Begna (river)

Coordinates: 60°10′08″N 10°15′49″E / 60.168830°N 10.263504°E / 60.168830; 10.263504
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View of the river
Begna (river) is located in Buskerud
Begna (river)
Location of the river
Begna (river) is located in Innlandet
Begna (river)
Begna (river) (Innlandet)
Begna (river) is located in Norway
Begna (river)
Begna (river) (Norway)
CountyInnlandet, Buskerud
MunicipalitiesVang, Vestre Slidre, Nord-Aurdal, Sør-Aurdal, Ringerike
Physical characteristics
 • locationTyinkrysset, Vang
 • coordinates61°11′11″N 8°12′34″E / 61.1864°N 8.20936°E / 61.1864; 8.20936
 • elevation971 metres (3,186 ft)
MouthRandselva river
 • location
Hønefoss, Ringerike
 • coordinates
60°10′08″N 10°15′49″E / 60.168830°N 10.263504°E / 60.168830; 10.263504
 • elevation
65 metres (213 ft)
Length213 km (132 mi)
Basin size4,851 km2 (1,873 sq mi)
 • average88 m3/s (3,100 cu ft/s)

The Begna is a river in Buskerud and Innlandet counties in Norway. The 213-kilometre (132 mi) long river runs from the Filefjell mountain area through Valdres to the town of Hønefoss where it joins the river Randselva before it empties into the Tyrifjorden. The river Begna drains a watershed of 4,875 square kilometres (1,882 sq mi) and this is the primary river in the watershed. Along its course, the river passes through the village of Begna in Sør-Aurdal Municipality. The Norwegian writer, Mikkjel Fønhus lived much of his life and located most of his novels along the river Begna.[1][2]


The headwaters of the river is found in the Filefjell mountain plateau on the south side of the Jotunheimen mountains. Among the highest points of the headwaters are the lake Steinurdalstjern which sits at an elevation of 1,429 metres (4,688 ft) above sea level. Many of the mountain streams that feed into the river flow into the lake Otrøvatnet. The main outflow of the lake is where the river Begna begins. This part is also known as the Otrøelva river, and a short distance downstream the river Ylja joins it and after this confluence, the river is known as the Begna. The river continues eastwards and southwards along its course.[2]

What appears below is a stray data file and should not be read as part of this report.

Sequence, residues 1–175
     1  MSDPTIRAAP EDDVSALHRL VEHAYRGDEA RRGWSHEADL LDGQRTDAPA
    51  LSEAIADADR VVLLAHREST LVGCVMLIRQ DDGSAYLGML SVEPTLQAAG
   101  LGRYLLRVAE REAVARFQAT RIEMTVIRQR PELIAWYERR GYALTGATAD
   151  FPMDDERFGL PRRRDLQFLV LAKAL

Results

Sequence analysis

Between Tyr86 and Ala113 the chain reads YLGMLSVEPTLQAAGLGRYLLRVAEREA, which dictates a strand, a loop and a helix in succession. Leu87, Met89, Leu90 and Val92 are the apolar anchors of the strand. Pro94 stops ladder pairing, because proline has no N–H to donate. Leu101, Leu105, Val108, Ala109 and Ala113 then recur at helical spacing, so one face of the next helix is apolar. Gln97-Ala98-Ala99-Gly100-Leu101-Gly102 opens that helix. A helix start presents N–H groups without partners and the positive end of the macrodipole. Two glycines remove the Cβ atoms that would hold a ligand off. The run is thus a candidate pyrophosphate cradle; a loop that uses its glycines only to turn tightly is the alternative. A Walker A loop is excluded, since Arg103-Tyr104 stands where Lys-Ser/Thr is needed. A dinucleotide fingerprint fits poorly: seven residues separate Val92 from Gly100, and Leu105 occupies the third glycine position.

There are several places along the river which have been dammed and these have formed a number of large lakes including Vangsmjøse, Slidrefjorden, Strondafjorden, and Aurdalsfjorden. The valley through which the river flows is called the Begnadalen valley. After passing through the village of Begna, the river enters into Viken county. After passing the village of Nes, the river enters the large lake Sperillen in the Ådal valley. From the lake Sperillen to the town of Hønefoss, the river is also known as the Ådalselva. At Hønefoss, the river cascades down a 21.5-metre (71 ft) tall waterfall known as Hønefossen. The river Begna joins the Randselva river in Hønefoss before discharging into the large lake Tyrifjorden.[3]

Power generation[edit]

In the past, the river Begna was a significant log driving river. Over the years the river has been developed for hydroelectric power with a maximum output of approximately 326 megawatts (437,000 hp) (as of 2003) including on its tributaries. The largest power stations are Åbjøra in Nord-Aurdal which produces 93 megawatts (125,000 hp) and Bagn in Sør-Aurdal which produces 76 megawatts (102,000 hp).[2] The Association for Begna Watershed Control (Foreningen til Bægnavassdragets Regulering) is an association that was created under the provisions of the Norwegian Watercourse Act. Its purpose is to protect members' common interests with regard to the use of water from the Begna river basin that is used for power generation. The hydropower company operates 20 power plants on the Begna (and the river Drammenselva which flows from the lake Tyrifjorden to the sea. The association is responsible for maintenance and operation of dams, gates, and stations along the Begna waterway. The plants are mainly located in Valdres in the upper part of the river.[4]

See also[edit]


  1. ^ Erik Bjerck Hagen. "Mikkjel Fønhus". Store norske leksikon. Retrieved 1 October 2016.
  2. ^ a b c Thorsnæs, Geir, ed. (14 January 2021). "Begna". Store norske leksikon (in Norwegian). Kunnskapsforlaget. Retrieved 30 August 2022.
  3. ^ Geir Thorsnæs. "Hønefossen". Store norske leksikon. Retrieved 1 October 2016.
  4. ^ "Velkommen til Foreningen til Bægnavassdragets Regulering" (in Norwegian). Foreningen til Bægnavassdragets Regulering. Archived from the original on 5 September 2011.